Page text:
It absolutely was motivated by similar sentiments. Africa Responds is an initiative within Africans in the Diaspora. When the Ebola outbreak became news last June, I started calling organizations in Liberia and Sierra Leone. I had been there several times before and had relationships on the ground. We wanted to learn about what they were doing, how they were affected and what kind of support they needed. We heard similar stories across the board: we’re not getting any support; we’re the first to respond; nobody’s engaging us in the response. That was huge – stopping Ebola requires that people reach communities and change practices, attitudes, and behaviors.
I was Facebooking about my conversations and thoughts when a friend of mine, TMS Ruge, reached out to me saying that Africare was doing work with frontline responders. He wanted to know if there was a way for us to do the respond together. We came together and founded Africa Responds, a special emergency response initiative with the idea that often when there are emergencies, the African voice is not always heard. We wanted the media and the world to know that this is not a story about the world saving Liberians and Sierra Leoneans. This is a story about communities helping themselves.
What advantages do African civil society organizations have over Western-based international organizations?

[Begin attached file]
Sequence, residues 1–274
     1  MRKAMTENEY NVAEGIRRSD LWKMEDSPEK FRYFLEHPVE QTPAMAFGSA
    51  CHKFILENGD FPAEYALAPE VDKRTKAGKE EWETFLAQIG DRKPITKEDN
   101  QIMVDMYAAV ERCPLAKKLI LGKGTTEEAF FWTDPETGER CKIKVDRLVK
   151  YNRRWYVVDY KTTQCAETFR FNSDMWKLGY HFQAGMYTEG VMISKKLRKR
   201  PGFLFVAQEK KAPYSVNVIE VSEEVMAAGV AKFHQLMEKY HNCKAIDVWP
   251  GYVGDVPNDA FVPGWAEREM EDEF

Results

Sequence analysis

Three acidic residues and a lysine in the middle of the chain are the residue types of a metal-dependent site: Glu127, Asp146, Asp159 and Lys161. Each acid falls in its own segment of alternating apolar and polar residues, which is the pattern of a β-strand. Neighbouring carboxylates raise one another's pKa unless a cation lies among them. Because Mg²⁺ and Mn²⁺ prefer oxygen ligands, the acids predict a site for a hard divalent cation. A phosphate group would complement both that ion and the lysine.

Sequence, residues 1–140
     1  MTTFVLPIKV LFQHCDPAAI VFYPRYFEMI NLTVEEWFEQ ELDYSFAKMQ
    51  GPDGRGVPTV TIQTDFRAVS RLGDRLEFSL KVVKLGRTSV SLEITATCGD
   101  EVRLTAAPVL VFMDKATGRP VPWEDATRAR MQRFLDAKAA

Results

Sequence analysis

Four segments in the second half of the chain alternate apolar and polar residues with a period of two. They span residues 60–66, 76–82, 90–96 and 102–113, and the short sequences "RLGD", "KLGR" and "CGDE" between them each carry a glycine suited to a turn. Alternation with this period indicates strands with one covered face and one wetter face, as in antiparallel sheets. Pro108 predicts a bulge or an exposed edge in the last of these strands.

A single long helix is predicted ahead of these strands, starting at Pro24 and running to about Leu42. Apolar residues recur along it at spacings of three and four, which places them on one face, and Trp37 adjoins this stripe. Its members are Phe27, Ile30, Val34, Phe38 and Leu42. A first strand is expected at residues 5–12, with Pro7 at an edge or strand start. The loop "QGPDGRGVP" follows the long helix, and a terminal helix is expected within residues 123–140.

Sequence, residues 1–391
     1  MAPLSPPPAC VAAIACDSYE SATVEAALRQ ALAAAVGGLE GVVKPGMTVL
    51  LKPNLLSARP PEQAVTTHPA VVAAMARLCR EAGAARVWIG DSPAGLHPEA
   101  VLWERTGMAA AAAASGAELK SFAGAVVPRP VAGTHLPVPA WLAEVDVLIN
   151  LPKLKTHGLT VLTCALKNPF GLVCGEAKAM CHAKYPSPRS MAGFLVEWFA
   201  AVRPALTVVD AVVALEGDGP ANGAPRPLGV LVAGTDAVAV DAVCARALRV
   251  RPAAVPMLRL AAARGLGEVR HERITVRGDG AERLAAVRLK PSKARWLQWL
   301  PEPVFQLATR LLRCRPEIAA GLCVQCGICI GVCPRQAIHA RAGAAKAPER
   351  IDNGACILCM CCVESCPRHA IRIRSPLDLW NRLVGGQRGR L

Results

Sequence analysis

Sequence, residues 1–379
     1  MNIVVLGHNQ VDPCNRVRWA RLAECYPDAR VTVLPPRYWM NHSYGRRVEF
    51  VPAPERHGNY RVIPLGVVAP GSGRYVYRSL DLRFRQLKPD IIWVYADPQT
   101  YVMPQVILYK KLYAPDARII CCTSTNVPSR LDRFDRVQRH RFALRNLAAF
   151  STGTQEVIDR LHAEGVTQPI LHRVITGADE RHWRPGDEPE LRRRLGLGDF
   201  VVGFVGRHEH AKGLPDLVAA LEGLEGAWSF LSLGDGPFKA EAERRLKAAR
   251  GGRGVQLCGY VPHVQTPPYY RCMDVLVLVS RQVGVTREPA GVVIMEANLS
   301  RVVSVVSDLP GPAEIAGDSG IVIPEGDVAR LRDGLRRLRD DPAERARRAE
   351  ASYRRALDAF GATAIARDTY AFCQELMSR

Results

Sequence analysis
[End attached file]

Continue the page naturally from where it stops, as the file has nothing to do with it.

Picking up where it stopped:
With public health issues, you need local, national, and international action working in tandem. The problem with Ebola was that in the beginning, the local African part of that conversation was pushed to the side. Resources went to big agencies or to governments. The advantage of working with local communities is that these organizations are very closely connected to their people. They know who lives where, they understand the local vernacular, what kind of education people will respond to. This can make them more effective in outreach and response to problems. These local organizations have been in the area long before Ebola and they will be there long after whereas international organizations will parachute in because there’s an emergency then leave. Local organizations provide continuity and consistency. The Ebola outbreak is not only a viral outbreak, but it’s also a social issue. It’s a breakdown in the socioeconomic system – schools have been closed, over 5,000 children have been orphaned, farms have been abandoned, the price of cassava has risen over 150%. Who is going to resolve these issues? It’s certainly not the big international humanitarian organizations who have to leave eventually to respond to the next pressing global issue. It’s the local groups and national governments. It’s important to make sure we support local agencies to make sure that they can not only stem the outbreak in the short term, but also really help re-build communities so they can start thriving again.